What if I should have received a 1099, and I didn’t?

The deadline for a business to send a contractor a 1099 is January 31. If you do not receive your 1099 by February 15th, you should contact the person you did the freelance work for immediately. Don’t assume they know they need to send you one - chances are they probably didn’t know.

Sending a 1099

Who needs to send a 1099?

If your business paid a contractor (non-employee) $600 or more for the prior calendar year, you need to send each contractor and the IRS a 1099 by Jan 31 for the following year.

What do I do with a 1099 if I need to send one?

For small business owners who need to send 1099’s, you have to use the official form located on the IRS’s website, or provided through an authorized vendor (like Staples or even Quickbooks). When you fill out a 1099, you will actually fill out 3 forms: Copy A, Copy 1, and Copy B. Each copy contains the same information, but they all need to be sent to different places.

  • Copy A - Goes to the IRS. Note: These forms can only be ordered from the IRS or an authorized vendor - you cannot print these forms from the IRS website. 
  • Copy 1 - Goes to the state tax department.
  • Copy B - Goes to the contractor / small business you paid for the work.

📣 I repeat 📣 You, the business owner who paid money to a contractor, have to send copies A, 1, and B of every 1099 you need to file to its respective destination (noted above).

If I get my 1099s from a place like Staples, how do I know if it’s legit? 

For small businesses who like to fill these forms out by hand and want carbon copies, purchasing from an authorized vendor, like Staples, is an option. If you do this, make sure Copy A is red - that’s how you know it’s the real deal.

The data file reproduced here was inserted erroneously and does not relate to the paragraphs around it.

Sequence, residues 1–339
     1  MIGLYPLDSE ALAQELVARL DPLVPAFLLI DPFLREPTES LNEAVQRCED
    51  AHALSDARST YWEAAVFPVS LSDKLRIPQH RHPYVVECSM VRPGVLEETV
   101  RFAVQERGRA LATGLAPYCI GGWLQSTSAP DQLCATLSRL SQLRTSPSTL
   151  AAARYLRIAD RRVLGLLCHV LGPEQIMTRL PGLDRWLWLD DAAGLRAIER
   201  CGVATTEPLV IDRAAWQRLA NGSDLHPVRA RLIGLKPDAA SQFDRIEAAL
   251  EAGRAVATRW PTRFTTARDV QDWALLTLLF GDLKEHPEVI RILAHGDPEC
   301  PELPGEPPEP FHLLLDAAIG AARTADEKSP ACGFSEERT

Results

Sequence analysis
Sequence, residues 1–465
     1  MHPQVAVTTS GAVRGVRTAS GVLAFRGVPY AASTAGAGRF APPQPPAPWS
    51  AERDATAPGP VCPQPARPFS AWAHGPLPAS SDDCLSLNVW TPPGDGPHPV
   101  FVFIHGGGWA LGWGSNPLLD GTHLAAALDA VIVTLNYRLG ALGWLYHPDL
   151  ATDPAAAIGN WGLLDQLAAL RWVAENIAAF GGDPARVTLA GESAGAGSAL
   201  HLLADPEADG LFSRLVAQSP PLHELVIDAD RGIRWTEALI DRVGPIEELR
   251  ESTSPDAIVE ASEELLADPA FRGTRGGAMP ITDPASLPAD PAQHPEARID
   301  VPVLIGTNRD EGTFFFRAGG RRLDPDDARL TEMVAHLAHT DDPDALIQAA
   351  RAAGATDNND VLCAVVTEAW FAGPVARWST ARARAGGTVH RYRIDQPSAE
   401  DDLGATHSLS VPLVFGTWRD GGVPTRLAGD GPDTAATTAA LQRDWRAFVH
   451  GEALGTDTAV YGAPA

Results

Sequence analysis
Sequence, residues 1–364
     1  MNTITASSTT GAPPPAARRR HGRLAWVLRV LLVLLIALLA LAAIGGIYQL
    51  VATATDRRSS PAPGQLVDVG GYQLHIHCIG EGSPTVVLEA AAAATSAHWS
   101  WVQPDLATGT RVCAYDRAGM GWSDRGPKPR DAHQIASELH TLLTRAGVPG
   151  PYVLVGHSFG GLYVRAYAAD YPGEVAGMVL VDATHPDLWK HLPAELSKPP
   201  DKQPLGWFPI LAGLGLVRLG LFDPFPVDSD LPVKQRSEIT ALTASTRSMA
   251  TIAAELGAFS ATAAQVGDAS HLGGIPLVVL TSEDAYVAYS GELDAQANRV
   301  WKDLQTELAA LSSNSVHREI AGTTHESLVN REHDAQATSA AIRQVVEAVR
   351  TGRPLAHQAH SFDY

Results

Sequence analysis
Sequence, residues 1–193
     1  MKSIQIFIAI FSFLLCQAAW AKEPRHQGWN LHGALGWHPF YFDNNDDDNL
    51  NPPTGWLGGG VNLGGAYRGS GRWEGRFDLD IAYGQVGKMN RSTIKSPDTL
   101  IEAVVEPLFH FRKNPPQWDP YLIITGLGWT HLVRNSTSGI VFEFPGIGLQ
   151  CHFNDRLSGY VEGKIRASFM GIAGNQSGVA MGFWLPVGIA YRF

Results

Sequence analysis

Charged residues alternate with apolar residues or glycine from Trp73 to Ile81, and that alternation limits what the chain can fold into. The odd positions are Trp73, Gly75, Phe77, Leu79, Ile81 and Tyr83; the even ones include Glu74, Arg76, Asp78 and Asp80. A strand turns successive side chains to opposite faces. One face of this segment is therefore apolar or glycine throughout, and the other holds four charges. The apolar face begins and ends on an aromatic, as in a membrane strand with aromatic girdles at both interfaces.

What happens if I forget to send in my 1099’s to the IRS?

If you forget, you’ll get something in the mail called a material penalty. The penalty is based on when you missed the filing period, and how many 1099’s you forgot to file. So even if you did miss the filing period, you still need to file them. The penalty increases the longer you delay filing.

This penalty also applies if you incorrectly reported information on a 1099. 

When are 1099’s due to the IRS?

Businesses must send Form 1099-MISC to the appropriate recipients by February 1, and file it with the IRS by March 1 (March 31 if filing electronically).

Bottom Line

Freelancers: You will receive a 1099 if you earned $600 or more in taxable income outside of a W-2. If you receive a 1099, you must report this income on your tax return.

Business Owners: You need to send a 1099 if you paid $600 or more to a contractor or small business.

If you’re still questioning what to do with a 1099, or have tax questions in general, reach out to your tax advisor who can help you navigate the choppy waters of tax compliance.

Ro Williams
By Ro Williams
Ro Williams is a part of the tax research team at ComplYant. Ro is an experienced professional in the accounting & tax industry and has previously held positions at an International Law firm and Public Accounting firms focusing on complex tax related issues. Ro spent her undergrad at Purdue University and is a devoted Boilermaker fan.